Small and mighty: the history of coffee in modern El Salvador

Small and mighty, El Salvador is a force in the world of coffee. With perfect growing conditions, increasingly rare varietals, and a modern social history woven around the very vines their beans grow on, the history of modern El Salvador is the history of Salvadoran coffee.

Long lauded as one of the world’s finest producers, the tiny nation of El Salvador is the fourth largest global coffee producer, producing predominantly (90%+) shade-grown arabicas. Coffee was first introduced to El Salvador in late-1700s, primarily for domestic consumption. Grown throughout this mountainous country, the coffee crops flourished. However, it wasn’t until the indigo crises of the mid-1800s that coffee overtook indigo as Salvador’s prime export, assuming greater economic and national importance over the following century. By the 1930s, coffee accounted for 90%+ of the nation’s exports and at least 50% of the nation’s export revenues. For a country slightly larger than the state of Massachusetts, this is a stunning feat and testament to the consistent quality of Salvadoran coffee.

The rapid ascent of coffee as an economic force soon gave rise to powerful coffee barons, infrastructure designed to facilitate coffee production, innovation within the coffee industry, and extreme inequality between the barons and workers. By the 1970s, this tiny nation had cultivated an extraordinary array of genetic varieties, including the Bourbon-derived Paca and Pacamara, and had established itself as the world’s preeminent producers of arabica coffee. Then came 1979 and the Salvadoran Civil War. Devastating and enduring, the Salvadoran Civil War lasted 13 brutal years, from 1979 to 1992. Following the war, agricultural reforms brought down the barons by restricting individual ownership to 245 hectares (695 acres) and redistributing land, which broke up much of Salvador’s massive coffee plantations.

Today, most of the nation’s coffee is grown by small farmers on plots no larger than 20 hectares (49 acres). While the Civil War was ruinous in many ways, there was one bright, shining upside for the coffee industry. During the 1980s many of El Salvador’s peers introduced new technology, high-yield / low-quality hybrids, and farming techniques that created a stronger, more fertile crop at a great expense to bean quality. These innovations devastated many of Salvador’s peers’ old-growth forests and traditional cultivars. El Salvador, embroiled in war and guerrilla warfare at the time, failed to “modernize”, thereby preserved beans highly coveted today, such as the clean, bright, sweet, delicate bourbon. El Salvador’s coffee industry is gaining prominence and strength each year, despite threats from climate change and coffee rust. In 2018, coffee accounted for 60%+ of the nation’s exports and the number is only expected to rise over the next decade.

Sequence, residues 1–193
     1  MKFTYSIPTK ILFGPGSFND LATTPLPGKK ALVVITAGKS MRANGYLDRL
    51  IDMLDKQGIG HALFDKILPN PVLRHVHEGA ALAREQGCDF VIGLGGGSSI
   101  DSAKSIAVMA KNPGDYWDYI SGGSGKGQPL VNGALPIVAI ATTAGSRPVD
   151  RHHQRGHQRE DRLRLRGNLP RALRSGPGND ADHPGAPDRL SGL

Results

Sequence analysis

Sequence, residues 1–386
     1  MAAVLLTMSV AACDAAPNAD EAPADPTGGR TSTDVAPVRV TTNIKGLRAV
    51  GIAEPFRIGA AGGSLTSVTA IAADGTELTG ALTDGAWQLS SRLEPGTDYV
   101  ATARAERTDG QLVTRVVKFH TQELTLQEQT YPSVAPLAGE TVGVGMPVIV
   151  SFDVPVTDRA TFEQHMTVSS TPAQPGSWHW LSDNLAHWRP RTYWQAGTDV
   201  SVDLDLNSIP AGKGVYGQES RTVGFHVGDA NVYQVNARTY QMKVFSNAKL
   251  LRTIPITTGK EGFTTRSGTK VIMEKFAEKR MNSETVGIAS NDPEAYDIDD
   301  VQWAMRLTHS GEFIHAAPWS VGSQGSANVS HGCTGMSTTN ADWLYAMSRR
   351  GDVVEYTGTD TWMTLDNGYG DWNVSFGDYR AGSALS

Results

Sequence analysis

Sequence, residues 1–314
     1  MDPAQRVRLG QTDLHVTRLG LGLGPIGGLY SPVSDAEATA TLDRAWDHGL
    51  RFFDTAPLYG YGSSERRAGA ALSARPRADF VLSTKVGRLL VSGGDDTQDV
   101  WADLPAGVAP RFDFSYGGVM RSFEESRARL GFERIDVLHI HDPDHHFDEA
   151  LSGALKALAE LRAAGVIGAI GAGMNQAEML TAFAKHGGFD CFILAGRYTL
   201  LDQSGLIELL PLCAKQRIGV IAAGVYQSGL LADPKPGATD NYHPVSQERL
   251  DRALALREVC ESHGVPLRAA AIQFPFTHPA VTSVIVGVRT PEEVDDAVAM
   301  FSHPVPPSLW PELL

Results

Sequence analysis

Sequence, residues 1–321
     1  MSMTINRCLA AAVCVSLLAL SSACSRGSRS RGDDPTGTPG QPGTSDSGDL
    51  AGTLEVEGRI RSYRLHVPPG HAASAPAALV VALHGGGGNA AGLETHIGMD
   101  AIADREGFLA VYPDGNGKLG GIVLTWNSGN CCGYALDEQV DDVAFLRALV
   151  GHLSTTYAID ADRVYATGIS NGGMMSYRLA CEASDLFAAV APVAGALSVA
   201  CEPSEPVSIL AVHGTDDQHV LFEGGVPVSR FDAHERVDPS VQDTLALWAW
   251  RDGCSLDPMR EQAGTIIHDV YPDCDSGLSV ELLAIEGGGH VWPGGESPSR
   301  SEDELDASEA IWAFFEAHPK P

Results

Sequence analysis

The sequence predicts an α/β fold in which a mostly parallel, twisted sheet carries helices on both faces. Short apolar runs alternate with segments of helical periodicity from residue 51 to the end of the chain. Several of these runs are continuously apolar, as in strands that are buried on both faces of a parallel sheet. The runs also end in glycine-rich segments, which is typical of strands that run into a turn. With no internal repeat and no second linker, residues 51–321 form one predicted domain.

Grown along El Salvador’s expansive, soaring volcanic mountain ranges (ranging from roughly 2,200 to 8,900 feet above sea level / 1,600 to 2,700 meters), under a natural old-growth canopy, Salvador coffee has excellent acidity, good body and an array of smooth, subtly sweet citrus notes. Naturally grown in unadulterated forests and nurtured by families who have fought, lived, and embraced exceptional coffee as an aspect of their national identity, Salvadoran coffee is, without doubt, some of the world’s finest. The majesty of these beans has not been lost on us at Mills Coffee and TheQueenBean. We call our primary Salvadoran, Café la Reina, which translates into the queen coffee.

To learn more about Salvadoran and Central American coffee, please visit our Regional Profile.


Sources

In El Salvador, coffee farmers turn to bourbon beans after blight

Salvadoran Coffee: 10 Reasons Why the Industry Is in Decline – and How to Stop It?

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